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Friday, March 25, 2016

Easter Traditions



 

Growing up in our family meant that nothing was 'given'.  You worked for what you wanted.  I don't mean that in a harsh way - it was just how things used to be.  You had a meager allowance that was earned by completing a list of weekly chores.  I remember lusting mightily after an English Black Racer bicycle.  I loathed my little girlie bike, with it's fat tires and two-toned turquoise paint.  Even the playing cards clothes-pinned to my spokes and streamers trailing out of the handle bars could not make me love it.   In order to have my new bike, I needed to earn at least half of it, so I edged lawns, swept, washed, raked, toted, schlepped and did whatever I had to do to earn my half.  It was worth it - I loved that bike to pieces for years - until I ran it into a tree.

Working for what we wanted also stretched into holidays and vacations.  Want your Easter eggs?  Well, here are the clues and good luck to you!  This continued well into adulthood.  As the clues portrayed here (my dad's last effort) showed, you had better be on your toes.  That meant knowing your Ottoman Empire (egg hidden under a corresponding piece of living room furniture).   As either of my sisters would tell you, I was not a patient child.  Nor a patient teenager.  Nor a patient adult.  I'm still working on it.

One of the high points of our summer vacations was the Treasure Hunt up at the Canadian cabin.  Well, it was the high point until I put myself in charge.  By the time we found our treasure (at its apex, my parents hid it on a deserted island in the middle of the lake), I had hounded and harassed my poor sisters to the point of tears.  There are many victory photographs where we all looked miserable.  I was such a pain.

My parents did, however, quit hiding my birthday presents after my 21st birthday.  They had bought me a brand new Singer sewing machine and hid it in the trunk of their car.  After following a devilishly challenging trail of clues, I reached the car (outside) and the trunk lock was frozen (January).  My father intervened when I went for the tire iron.  I was such a pain for many years.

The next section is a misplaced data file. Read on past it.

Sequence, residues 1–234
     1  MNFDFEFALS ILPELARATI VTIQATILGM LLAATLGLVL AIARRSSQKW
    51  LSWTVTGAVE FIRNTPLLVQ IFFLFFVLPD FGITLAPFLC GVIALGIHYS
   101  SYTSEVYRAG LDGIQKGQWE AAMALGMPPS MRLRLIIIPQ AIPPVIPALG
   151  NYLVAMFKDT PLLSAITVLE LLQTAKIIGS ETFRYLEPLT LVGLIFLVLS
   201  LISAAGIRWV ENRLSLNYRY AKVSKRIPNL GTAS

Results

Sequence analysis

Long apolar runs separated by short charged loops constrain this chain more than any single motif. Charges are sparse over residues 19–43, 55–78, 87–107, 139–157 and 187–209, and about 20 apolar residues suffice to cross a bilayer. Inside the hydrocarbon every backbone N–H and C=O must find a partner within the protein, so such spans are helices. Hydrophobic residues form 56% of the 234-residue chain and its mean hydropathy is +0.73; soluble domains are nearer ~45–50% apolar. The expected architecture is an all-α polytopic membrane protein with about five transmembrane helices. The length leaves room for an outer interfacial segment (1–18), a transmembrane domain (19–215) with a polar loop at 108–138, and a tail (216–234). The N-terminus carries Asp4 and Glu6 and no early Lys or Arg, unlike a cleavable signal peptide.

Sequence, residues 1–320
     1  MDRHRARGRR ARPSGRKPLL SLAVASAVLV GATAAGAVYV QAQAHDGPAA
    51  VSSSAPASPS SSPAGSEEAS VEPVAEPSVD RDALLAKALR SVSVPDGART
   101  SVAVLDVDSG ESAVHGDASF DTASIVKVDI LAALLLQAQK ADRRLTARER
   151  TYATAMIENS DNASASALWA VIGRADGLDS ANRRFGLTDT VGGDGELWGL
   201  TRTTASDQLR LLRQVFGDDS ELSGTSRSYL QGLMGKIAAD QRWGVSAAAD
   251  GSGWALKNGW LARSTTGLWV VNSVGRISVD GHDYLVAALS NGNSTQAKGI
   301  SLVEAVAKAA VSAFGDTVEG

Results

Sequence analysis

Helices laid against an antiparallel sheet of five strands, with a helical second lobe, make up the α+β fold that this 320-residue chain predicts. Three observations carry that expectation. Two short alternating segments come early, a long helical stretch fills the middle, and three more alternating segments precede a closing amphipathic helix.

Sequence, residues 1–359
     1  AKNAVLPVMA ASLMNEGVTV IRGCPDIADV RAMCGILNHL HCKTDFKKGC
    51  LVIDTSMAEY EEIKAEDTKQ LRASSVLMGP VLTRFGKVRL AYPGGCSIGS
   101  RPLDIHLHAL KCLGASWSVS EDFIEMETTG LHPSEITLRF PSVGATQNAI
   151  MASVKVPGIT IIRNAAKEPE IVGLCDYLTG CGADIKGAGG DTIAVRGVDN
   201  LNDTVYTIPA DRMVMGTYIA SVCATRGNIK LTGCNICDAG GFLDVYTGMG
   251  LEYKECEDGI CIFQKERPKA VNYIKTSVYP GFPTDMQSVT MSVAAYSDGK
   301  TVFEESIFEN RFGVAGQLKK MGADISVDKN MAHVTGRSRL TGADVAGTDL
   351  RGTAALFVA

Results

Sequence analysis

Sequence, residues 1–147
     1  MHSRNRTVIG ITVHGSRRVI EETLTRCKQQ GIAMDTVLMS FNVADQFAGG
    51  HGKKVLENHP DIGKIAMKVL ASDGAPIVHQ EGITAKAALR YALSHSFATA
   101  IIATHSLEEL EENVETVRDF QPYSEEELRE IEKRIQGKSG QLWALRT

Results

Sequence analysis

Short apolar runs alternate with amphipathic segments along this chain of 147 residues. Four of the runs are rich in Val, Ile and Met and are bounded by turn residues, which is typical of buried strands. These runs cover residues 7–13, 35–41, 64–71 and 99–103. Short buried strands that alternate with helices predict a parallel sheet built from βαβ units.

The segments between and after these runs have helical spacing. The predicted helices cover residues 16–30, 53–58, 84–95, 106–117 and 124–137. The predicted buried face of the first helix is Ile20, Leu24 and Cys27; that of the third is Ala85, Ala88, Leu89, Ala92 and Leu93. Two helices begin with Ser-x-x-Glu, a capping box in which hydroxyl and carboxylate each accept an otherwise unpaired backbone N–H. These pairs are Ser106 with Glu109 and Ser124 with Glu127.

Now, I hope, we can pass the wonderful (choke) Easter tradition on to the next generation.  Where, I might add, the brain cells and level of patience seem to have risen to the top (speaking totally of myself).  My nephew's girlfriend, the lovely Sabrina, sashayed into our Easter tradition like a swan gliding on a lake.  Having never met us or set foot in the house, she found every last, stinking one of her eggs within moments.


5 comments:

  1. Looks like you've met your match with that one. Your nephew chose wisely. Good boy. And a chance to "UP" your game with that one-LOL!!

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    1. Sue - We remind him on every available occasion that he better behave himself and hang onto her. She's a keeper!

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  2. That all sounds like waaaay too much work to me . . . both for the person hiding the treasure and writing the clues, let alone the person having to jump through all the hoops to find their present. Or eggs. ;o} (I'm probably just getting lazy as I reach senility. And am losing my sense of humor.)

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    1. Mama Pea - Exactly! It's a fine line between gifting and torture around our house... I never found it fun.

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  3. What does your father think of the "Parking Lot" egg hunts where they hide 50,000 eggs in easy sight so children are not disappointed and find lots of eggs? Ralph loved the clues as he made his children earn their eggs too!

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